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Good Grief | Honoring Our Pets

With our dog moving through her senior years, I can't help but find myself distracted at times by thoughts of life without her. She is our first dog together, and my first dog that I've had as an adult. She is such a big presence in our home that I miss her when she chooses to stay in another room to nap. Waiting in line at the local ATM, it isn't unusual for a familiar face ask, "Where's Cleo? How is she doing today?"

Back in September, after attending a senior dog seminar at the San Francisco SPCA, I decided to join in the monthly Pet Loss Support Group also held at the SF SPCA. The monthly sessions are free and Dr. Betty Carmack, RN, Ed.D. is there as a grief counselor. She spoke at the seminar and had mentioned "anticipatory grief" in association with pet loss. I hadn't thought of my recent feelings about Cleo like that before, but after speaking with her, I am relieved that they are normal and not an indication that I'm already a wreck.

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Good grief. The best part of the pet loss group for me was the incredible welcome you are wrapped in. I'm so glad I went. There were about ten of us strangers, but we immediately all had a love for our pets in common. We all wanted to honor our pets, and move past any feeling of regret or guilt. It was such a wonderful experience, and actually helped me refocus on the time I have with my dog now, away from my fear over her eventual passing and what that will be like.

Yesterday friends had to euthanize their beloved dog, and it got me thinking about how I would want that experience to be with Cleo. It is a personal and individual experience, but the decisions around it are worth thinking about ahead of time. As they recommend in the senior seminar, it is important to begin creating a support network before you need it, as well as, discussing how you want to honor your pet when the time comes.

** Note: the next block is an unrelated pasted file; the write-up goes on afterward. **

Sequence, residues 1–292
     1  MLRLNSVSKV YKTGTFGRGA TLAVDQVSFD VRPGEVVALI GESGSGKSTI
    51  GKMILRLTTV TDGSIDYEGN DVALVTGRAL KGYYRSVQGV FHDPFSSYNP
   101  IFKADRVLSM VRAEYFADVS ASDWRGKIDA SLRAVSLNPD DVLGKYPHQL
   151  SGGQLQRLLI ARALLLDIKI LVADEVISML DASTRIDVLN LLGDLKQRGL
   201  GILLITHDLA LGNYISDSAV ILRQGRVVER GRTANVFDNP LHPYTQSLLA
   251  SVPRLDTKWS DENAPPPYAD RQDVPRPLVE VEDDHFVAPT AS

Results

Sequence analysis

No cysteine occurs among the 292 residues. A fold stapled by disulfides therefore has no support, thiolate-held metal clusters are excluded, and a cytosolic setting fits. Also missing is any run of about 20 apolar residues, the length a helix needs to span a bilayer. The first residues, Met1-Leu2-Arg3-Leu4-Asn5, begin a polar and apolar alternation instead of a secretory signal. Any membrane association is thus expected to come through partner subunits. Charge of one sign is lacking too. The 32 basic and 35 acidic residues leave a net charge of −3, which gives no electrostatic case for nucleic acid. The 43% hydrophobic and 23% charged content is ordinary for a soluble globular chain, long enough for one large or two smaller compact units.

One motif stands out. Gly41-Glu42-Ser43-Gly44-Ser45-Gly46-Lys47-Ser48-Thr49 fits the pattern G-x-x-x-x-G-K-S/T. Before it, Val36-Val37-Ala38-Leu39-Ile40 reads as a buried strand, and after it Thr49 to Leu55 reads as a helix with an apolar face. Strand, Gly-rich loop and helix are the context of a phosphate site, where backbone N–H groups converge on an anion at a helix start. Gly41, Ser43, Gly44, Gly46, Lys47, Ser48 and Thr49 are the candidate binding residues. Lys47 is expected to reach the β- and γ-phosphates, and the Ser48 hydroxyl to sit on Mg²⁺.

None of this is easy, but minimizing regret and guilt are what Dr Carmack says is the key to moving through the grief process.  If you have a senior dog yourself, or are going through the grief process, here are nine ways to help honor your pet:

  • Conduct a memorial or burial ceremony.
  • Put a bench near the resting place if you buried your pet, or sponsor a memorial bench in your neighborhood.
  • If you chose cremation, place the ashes in a container that has personal significance somewhere quiet in your home.
  • Considering receiving some or all of the cremated ashes, and scattering them into the waves at your pet's favorite beach.
  • Seek support from family, friends or people who have gone through similar loss, or find a local pet grief support group.
  • Plant a tree or flower garden to honor your pet.
  • Write a poem or letter to her and put it in a special place.
  • Place some of her fur/hair in a locket you can wear.
  • In your pet's name, donate their bedding, toys, leash, collar, even leftover food and medication to a local shelter or humane society.

Do you have a special way that you've honored your pet? Please share in the comments. 


For more information:

Senior Scholars Training Program at the SF SPCA offers a fun 4-week course for learning ways to physically and mentally stimulate and soothe an aging best friend’s body and mind.

Pet Loss Support at the SF SPCA

"Grieving the Death of a Pet" by Betty J. Carmack, RN, Ed.D

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